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Durham e-Theses
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Investigation of the processes required for the automation of stitchmarking in shoe manufacture

Tout, Nigel R (1989) Investigation of the processes required for the automation of stitchmarking in shoe manufacture. Doctoral thesis, Durham University.



This thesis describes a novel approach to the high speed automatic stitchmarking of shoe upper components by integrating an electrographic printer with a shape recognition system. A critical review of recognition system parameters selects the currently known shape parameters which are most suitable for use in a high speed recognition system with the large number of different shoe components found in a typical shoe factory. These are compared with the parameters actually used in the previously developed recognition system to be used for stitchmarking. A discussion of printing technologies suitable for marking shoe materials with computer generated patterns follows. It is concluded that an electrographic printer has the best combination of characteristics. There follows a description of experiments demonstrating xerography on shoe upper materials, and the design of a system integrating a low-cost laser printer to the recognition system which proved the concept of continuous automatic stitchmarking. With this performing satisfactorily, the system was converted to use a high speed printer requiring the use of an advanced graphics processor for handling the data transformations and interfacing with the printer. Modifications to the printer for operation with shoe materials are described, together with the need for a special toner. A full description of the resulting stitchmarking system is given, followed by details of analyses of its performance. Individual chapters are devoted to the accuracy, recognition efficiency, and the timing of the system. A potential bottleneck in determining the orientation of certain difficult shapes is identified, and faster methods for dealing with these are specially investigated. This concludes that the best approach is to optimise the present method and accelerate the calculations by using a more advanced microprocessor. A discussion of the general running of the machine includes details of problems which occurred with the modified printer mechanism and how these were overcome. Finally, suggestions are made for incorporation in an improved system capable of handling larger shapes with a tenfold speed increase.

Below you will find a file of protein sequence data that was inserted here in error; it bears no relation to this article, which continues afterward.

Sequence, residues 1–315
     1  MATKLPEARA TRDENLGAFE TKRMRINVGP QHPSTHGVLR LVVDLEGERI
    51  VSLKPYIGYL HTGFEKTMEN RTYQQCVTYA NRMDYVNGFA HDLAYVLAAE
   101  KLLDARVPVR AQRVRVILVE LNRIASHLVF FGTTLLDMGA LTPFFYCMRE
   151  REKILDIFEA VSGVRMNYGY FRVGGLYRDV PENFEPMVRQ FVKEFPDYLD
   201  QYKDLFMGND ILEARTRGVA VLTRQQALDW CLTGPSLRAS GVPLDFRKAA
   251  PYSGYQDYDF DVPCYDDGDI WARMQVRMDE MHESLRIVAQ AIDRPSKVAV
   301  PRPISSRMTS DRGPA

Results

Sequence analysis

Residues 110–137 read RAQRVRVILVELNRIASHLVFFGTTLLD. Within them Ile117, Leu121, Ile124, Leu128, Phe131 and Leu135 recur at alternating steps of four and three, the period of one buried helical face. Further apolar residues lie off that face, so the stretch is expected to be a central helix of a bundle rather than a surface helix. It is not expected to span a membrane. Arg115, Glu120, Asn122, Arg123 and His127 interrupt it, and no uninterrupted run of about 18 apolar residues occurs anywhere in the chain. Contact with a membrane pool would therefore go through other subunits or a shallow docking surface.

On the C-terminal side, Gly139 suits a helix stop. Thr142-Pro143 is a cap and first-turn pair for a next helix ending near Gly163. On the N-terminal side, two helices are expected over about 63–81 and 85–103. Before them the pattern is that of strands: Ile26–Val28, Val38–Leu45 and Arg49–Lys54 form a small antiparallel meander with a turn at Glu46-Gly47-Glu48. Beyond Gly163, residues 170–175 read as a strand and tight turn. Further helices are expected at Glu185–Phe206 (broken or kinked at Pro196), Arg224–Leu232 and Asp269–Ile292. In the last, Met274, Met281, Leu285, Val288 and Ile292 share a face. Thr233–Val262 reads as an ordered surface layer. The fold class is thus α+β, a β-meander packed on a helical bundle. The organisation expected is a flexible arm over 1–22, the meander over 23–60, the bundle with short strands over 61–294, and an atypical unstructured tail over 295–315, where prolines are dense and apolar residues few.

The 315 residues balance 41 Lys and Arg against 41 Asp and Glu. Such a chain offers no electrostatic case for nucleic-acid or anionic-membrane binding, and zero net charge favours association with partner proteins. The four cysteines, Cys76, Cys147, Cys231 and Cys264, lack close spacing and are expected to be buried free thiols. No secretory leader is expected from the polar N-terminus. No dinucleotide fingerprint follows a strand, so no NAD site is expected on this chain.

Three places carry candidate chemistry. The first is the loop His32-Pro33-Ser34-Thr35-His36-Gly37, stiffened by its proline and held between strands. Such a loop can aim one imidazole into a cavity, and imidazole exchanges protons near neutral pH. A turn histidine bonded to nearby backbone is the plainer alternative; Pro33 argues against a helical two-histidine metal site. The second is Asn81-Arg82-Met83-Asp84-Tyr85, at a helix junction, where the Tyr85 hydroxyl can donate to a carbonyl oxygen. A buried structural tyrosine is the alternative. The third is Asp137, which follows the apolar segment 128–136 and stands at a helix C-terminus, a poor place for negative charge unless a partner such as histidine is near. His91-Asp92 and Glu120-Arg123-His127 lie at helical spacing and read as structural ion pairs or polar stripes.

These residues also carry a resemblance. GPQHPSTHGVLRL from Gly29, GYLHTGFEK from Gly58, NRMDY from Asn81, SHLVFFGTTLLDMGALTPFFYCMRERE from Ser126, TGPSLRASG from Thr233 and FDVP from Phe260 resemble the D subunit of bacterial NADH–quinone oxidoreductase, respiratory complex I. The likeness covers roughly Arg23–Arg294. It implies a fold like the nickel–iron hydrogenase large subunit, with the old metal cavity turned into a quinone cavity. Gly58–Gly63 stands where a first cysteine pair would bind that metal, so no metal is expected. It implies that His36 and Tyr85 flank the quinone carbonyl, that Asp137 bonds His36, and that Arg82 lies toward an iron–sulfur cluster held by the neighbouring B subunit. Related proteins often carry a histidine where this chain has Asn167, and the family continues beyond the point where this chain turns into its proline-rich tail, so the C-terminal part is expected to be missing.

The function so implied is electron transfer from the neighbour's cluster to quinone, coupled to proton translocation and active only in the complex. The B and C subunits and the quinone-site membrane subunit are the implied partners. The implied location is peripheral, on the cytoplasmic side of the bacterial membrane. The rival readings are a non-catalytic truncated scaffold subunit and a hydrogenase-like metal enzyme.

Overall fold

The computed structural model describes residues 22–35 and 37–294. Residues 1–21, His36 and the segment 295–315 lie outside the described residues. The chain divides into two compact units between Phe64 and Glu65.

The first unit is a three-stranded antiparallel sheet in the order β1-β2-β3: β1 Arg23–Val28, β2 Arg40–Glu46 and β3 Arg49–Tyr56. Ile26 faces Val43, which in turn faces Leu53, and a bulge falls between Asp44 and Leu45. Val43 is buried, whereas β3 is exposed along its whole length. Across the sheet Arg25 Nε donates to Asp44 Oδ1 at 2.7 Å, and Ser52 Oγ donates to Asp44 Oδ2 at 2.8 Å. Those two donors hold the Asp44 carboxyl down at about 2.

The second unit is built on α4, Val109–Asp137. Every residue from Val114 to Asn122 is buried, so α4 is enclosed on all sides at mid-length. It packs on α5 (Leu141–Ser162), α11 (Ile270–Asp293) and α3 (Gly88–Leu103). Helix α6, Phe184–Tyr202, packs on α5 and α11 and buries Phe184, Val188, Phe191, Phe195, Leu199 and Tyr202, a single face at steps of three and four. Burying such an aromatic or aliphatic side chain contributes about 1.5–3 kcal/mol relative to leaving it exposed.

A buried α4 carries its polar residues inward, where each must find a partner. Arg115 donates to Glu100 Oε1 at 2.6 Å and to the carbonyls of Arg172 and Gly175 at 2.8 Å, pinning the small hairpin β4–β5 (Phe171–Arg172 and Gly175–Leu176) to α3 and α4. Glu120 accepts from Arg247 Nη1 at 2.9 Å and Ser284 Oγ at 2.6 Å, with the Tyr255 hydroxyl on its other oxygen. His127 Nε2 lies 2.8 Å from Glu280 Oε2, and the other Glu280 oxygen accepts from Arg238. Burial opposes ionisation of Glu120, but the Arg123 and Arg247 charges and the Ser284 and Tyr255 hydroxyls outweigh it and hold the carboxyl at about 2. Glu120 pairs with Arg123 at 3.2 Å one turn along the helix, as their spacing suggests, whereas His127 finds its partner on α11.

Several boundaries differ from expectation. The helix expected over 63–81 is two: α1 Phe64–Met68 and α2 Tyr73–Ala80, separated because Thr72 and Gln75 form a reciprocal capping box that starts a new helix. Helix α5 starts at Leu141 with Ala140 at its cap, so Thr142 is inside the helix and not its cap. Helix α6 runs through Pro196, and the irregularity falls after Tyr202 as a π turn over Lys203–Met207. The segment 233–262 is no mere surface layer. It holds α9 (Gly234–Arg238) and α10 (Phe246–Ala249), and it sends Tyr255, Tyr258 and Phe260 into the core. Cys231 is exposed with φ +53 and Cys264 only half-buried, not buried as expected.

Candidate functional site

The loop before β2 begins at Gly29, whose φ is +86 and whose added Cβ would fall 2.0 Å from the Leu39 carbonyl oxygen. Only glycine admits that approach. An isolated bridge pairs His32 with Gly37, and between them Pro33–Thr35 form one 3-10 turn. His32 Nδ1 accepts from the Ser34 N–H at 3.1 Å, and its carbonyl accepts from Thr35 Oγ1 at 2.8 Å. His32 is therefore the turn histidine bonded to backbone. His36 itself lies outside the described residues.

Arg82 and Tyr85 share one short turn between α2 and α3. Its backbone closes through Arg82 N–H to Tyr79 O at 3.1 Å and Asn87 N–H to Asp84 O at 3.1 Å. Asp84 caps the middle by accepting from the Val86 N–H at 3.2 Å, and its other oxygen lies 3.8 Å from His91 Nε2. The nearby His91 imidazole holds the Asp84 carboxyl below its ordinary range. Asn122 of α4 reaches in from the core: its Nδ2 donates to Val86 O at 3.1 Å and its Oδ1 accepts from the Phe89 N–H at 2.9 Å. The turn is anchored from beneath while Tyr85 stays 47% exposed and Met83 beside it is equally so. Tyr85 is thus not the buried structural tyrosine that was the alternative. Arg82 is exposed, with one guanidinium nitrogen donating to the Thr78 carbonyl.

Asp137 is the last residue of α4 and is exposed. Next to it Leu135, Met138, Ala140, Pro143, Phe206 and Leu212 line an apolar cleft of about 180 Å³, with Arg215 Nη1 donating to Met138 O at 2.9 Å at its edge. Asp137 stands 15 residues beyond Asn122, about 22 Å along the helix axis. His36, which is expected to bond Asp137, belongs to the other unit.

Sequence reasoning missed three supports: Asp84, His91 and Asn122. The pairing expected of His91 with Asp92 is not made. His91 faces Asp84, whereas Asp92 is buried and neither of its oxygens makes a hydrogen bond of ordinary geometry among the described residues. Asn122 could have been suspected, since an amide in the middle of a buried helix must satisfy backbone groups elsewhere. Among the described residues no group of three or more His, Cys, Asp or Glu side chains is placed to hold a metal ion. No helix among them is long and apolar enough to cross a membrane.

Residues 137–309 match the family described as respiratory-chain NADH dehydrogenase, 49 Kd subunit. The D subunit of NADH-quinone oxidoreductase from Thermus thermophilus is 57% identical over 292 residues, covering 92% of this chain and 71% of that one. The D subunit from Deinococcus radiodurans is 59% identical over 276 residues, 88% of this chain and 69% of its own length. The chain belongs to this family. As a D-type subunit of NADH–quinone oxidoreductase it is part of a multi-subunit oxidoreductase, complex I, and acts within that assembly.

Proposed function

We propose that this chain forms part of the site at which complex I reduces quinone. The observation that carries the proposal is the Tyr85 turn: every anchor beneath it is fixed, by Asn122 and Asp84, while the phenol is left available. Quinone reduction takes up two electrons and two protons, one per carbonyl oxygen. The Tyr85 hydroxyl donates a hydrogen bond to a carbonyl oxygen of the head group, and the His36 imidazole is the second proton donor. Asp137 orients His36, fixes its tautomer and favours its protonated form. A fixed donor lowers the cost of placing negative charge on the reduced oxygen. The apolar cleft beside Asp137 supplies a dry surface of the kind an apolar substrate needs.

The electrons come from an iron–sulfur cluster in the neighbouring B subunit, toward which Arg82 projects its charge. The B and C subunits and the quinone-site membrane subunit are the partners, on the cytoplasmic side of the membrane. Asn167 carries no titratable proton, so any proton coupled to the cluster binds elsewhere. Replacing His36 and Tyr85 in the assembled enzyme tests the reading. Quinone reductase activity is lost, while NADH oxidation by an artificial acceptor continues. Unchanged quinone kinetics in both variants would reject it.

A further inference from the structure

Item Type:Thesis (Doctoral)
Award:Doctor of Philosophy
Thesis Date:1989
Copyright:Copyright of this thesis is held by the author
Deposited On:08 Feb 2013 13:38

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